The Supreme Court heard oral arguments Wednesday in the case Maryland-National Capital Park and Planning Commission v. American Humanist Association, which will determine whether a cross-shaped monument honoring those killed in WWI is a violation of the First Amendment.
The Bladensburg Peace Cross is a 40-foot stone cross erected in 1925 in Prince George’s County, Maryland. The Maryland-National Capital Park and Planning Commission has performed regular maintenance around the monument since 1961, as it is located on a median in the middle of a public road. This, the American Humanist Association has argued, is entangling government unnecessarily with religion.
Atheist and secular campaigners have contend that because of the cruciform shape of the monument, its display and maintenance on public land constitutes a public affirmation of religion.
Under questioning by the justices, the Supreme Court heard Wednesday that there was a legitimate, historical context to the monument, and that the cross shape was commonly used at the time to honor those killed in wars.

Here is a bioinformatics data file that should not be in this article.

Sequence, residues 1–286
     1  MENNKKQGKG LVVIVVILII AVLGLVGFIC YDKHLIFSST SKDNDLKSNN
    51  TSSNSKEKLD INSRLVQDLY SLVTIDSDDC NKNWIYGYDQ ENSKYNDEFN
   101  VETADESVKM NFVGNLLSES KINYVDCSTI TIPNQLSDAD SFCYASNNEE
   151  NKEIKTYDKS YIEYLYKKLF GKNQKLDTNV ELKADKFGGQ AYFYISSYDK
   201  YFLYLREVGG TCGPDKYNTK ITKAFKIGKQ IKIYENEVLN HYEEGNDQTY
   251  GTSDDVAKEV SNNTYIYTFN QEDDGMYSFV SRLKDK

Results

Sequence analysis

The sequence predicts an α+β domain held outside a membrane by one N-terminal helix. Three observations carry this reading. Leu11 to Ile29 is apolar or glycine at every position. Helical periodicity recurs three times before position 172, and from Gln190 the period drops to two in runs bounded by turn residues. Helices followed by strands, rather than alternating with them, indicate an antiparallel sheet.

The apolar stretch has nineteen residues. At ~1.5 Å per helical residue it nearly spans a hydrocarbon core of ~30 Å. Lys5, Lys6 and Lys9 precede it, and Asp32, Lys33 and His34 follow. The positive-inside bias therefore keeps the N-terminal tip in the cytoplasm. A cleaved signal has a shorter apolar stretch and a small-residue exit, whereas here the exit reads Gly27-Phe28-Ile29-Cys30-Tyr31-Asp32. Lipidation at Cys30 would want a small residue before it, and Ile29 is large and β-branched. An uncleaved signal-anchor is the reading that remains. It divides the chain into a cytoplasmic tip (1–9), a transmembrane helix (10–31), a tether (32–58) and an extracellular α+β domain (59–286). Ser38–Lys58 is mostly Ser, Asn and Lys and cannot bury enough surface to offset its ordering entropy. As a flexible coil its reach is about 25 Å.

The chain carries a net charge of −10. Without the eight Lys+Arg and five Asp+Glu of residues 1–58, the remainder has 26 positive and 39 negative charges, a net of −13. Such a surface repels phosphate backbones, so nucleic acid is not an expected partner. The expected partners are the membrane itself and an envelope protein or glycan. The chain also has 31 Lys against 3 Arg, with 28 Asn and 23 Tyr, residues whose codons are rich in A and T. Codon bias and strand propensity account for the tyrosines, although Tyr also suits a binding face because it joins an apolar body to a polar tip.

A lawyer representing the park commission pointed out that the court had previously ruled that in certain cases religious symbols may be appropriate to for public display, depending on context.
Members of the court appeared to acknowledge that attitudes have changed since the Bladensburg Peace Cross was first erected.
“History counts,” said Justice Stephen Breyer, who suggested that while a similar monument would not be appropriate in the modern context, that did not mean that all past monuments should be taken down.
Justice Elena Kagan agreed that for many people, a cross is a “very natural way” for people to mourn those who have died, and that it carries a different meaning in the context of World War I.
There are numerous other cross-shaped monuments on public land, including at Arlington National Cemetery.
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